How to make nettle beer

Writer and wild brewer Pascal Baudar shares his recipe for making nettle beer.


I sometimes enjoy going back to my Celtic roots and making some medicinal herbal beer. Aside from making a somewhat pleasant drink, stinging nettles Urtica dioica are a great source of vitamin C and apparently help alleviate rheumatic pain.

It’s a Belgian dream – a beer with a lot of health benefits. Different brewers use different methods for this recipe. What follows is what I do.

Basket of foraged nettles. © Michael Piazza/Getty
Basket of foraged nettles. © Michael Piazza/Getty

Take care

As the name suggests, stinging nettles can sting and cause swelling and itchy skin! The stem and leaves have tiny barbs to protect the plant. These contain a mix of formic acid, histamine, acetycholine and serotonin. Wear gloves when picking and handling them. 

Nettle beer 2


  • Nettles 454-860g, fresh
  • Water 3.78 litres
  • Brown sugar 340-567g, or molasses
  • Ginger root 14g, finely cut or grated
  • Lemons 3
  • Dandelion leaves 56g, optional
  • Cream of tartar 28g
  • Yeast beer yeast or wild yeast


  • Step 1

    Bring the water to a boil and add the cleaned nettles. Boil for 20 to 30 minutes, then add the brown sugar, ginger, lemons (juice them first, then throw them in the brew as well), dandelion leaves (if using), and cream of tartar. Boil for another 5 minutes.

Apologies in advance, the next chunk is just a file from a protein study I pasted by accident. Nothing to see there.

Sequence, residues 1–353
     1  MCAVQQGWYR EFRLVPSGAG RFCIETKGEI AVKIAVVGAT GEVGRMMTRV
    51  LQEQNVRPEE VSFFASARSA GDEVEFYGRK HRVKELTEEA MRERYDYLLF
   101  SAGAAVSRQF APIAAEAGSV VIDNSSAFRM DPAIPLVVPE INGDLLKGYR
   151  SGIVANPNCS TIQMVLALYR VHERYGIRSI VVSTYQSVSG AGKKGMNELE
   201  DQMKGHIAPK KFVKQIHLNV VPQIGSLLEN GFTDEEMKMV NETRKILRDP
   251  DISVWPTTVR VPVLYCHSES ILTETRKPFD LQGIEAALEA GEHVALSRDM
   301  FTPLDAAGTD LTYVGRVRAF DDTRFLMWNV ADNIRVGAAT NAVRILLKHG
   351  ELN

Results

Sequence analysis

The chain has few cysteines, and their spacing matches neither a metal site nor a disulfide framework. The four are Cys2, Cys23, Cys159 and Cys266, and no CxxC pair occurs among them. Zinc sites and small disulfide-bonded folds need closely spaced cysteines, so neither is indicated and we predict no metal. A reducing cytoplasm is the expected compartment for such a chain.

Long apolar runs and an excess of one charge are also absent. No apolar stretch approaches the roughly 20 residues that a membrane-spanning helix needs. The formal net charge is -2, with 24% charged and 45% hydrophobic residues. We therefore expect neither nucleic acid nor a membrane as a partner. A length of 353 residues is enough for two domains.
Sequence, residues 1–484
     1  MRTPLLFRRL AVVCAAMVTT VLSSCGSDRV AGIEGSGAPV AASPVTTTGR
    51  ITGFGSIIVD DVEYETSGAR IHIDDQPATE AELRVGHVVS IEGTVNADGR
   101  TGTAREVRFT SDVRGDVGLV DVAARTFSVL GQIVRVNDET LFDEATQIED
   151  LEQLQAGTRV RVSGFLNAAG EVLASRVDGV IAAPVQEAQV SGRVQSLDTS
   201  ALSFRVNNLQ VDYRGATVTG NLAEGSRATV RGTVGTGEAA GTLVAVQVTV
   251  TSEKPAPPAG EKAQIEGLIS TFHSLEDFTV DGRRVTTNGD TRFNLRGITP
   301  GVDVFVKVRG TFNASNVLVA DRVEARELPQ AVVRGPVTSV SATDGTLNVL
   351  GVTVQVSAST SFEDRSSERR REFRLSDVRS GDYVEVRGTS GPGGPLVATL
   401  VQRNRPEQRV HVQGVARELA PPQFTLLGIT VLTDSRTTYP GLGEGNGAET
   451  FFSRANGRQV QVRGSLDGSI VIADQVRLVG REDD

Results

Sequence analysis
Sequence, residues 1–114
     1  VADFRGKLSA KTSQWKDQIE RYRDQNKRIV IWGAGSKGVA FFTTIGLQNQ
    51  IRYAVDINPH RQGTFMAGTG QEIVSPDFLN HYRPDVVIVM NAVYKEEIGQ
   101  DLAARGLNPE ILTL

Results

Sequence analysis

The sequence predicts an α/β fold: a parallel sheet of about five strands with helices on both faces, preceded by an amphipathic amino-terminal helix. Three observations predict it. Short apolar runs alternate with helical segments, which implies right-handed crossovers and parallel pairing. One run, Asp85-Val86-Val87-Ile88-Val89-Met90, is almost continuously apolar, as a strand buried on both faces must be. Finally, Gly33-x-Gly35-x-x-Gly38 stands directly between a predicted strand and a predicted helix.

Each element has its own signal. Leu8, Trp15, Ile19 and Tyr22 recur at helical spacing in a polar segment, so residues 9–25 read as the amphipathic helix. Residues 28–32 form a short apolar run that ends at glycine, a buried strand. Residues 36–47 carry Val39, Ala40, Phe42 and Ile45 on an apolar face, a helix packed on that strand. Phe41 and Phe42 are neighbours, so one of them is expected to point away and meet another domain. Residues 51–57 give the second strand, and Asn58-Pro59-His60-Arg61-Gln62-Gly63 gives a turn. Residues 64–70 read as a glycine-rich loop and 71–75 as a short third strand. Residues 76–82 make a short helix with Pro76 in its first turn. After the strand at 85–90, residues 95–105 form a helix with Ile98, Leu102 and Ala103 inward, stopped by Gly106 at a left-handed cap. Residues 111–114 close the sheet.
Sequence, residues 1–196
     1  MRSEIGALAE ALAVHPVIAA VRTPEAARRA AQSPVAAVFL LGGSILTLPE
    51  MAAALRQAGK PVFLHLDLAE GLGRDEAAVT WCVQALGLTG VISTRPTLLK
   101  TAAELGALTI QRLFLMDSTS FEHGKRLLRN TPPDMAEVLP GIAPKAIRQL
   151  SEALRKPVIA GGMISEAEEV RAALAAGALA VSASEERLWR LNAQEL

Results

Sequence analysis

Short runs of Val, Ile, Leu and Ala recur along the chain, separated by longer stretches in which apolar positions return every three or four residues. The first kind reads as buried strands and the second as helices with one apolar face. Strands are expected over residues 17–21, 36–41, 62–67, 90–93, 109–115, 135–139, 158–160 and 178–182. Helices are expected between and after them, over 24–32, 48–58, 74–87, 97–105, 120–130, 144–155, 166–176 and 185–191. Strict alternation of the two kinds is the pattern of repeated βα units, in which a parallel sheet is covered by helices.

Stinging nettles. © Lars Mensel/EyeEm/Getty
    Stinging nettles. © Lars Mensel/EyeEm/Getty
  • Step 2

    Remove the pot from the heat and place it (with the lid on) in your sink filled with cold water. Change the cold water in the sink two or three times until your beer is lukewarm (around 21°C).

  • Step 3

    Strain into your fermenter (bottle, pot, or whatever you’re using), add the yeast (wild or commercial), and place an airlock (or clean towel) on top.

  • Step 4

    Ferment for 3 to 4 days for 340g sugar or 7 to 8 days for 567g sugar (counting from when the fermentation is active, usually 8 to 12 hours after adding the yeast), then bottle. I don’t use any priming sugar.

    The fermentation is quite active after bottling so I like to use a recycled plastic soda bottle to monitor for any excess carbonation and release it if necessary by opening the top slowly.

    Most people drink nettle beer young, after a week or so; it’s not meant to be aged, as the flavors will be altered, and not in a good way.

    Coloured bottles and jars. © Ryan McVay/Getty
    Coloured bottles and jars. © Ryan McVay/Getty

Pascal Baudar is an author, wild food researcher, traditional food preservation instructor, and wild brewer living in Los Angeles. Pascal offers wildcrafting and food preservation classes through his website.

Pascal Baudar © Mia Wasilevich

This is a recipe from The Wildcrafting Brewer by Pascal Baudar, reprinted by arrangement with Chelsea Green Publishing.

The Wildcrafting Brewer